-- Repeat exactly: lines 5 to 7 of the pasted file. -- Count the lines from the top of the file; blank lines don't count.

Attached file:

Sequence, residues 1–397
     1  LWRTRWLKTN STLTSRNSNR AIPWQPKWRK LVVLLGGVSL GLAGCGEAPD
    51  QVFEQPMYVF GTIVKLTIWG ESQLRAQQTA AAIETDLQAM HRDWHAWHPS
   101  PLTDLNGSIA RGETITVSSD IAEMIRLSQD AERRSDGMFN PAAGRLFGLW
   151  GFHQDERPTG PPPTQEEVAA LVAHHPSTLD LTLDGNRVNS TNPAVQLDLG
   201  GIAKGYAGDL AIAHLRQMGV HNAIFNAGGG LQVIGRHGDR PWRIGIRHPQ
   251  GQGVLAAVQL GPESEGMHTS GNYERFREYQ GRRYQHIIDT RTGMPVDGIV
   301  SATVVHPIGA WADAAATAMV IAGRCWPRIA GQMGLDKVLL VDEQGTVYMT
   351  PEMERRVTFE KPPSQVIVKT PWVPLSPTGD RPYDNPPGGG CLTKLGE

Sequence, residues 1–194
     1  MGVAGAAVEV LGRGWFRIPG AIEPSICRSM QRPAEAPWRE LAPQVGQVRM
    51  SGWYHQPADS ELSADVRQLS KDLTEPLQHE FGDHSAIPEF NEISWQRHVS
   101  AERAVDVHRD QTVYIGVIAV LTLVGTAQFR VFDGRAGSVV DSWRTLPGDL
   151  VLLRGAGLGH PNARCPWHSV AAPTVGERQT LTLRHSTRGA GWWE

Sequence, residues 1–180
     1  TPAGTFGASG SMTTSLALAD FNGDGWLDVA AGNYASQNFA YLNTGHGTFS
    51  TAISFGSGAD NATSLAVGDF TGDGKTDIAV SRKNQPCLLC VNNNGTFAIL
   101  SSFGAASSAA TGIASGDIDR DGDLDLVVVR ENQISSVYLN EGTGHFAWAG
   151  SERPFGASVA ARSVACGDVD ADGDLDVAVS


   151  GFHQDERPTG PPPTQEEVAA LVAHHPSTLD LTLDGNRVNS TNPAVQLDLG
   201  GIAKGYAGDL AIAHLRQMGV HNAIFNAGGG LQVIGRHGDR PWRIGIRHPQ
   251  GQGVLAAVQL GPESEGMHTS GNYERFREYQ GRRYQHIIDT RTGMPVDGIV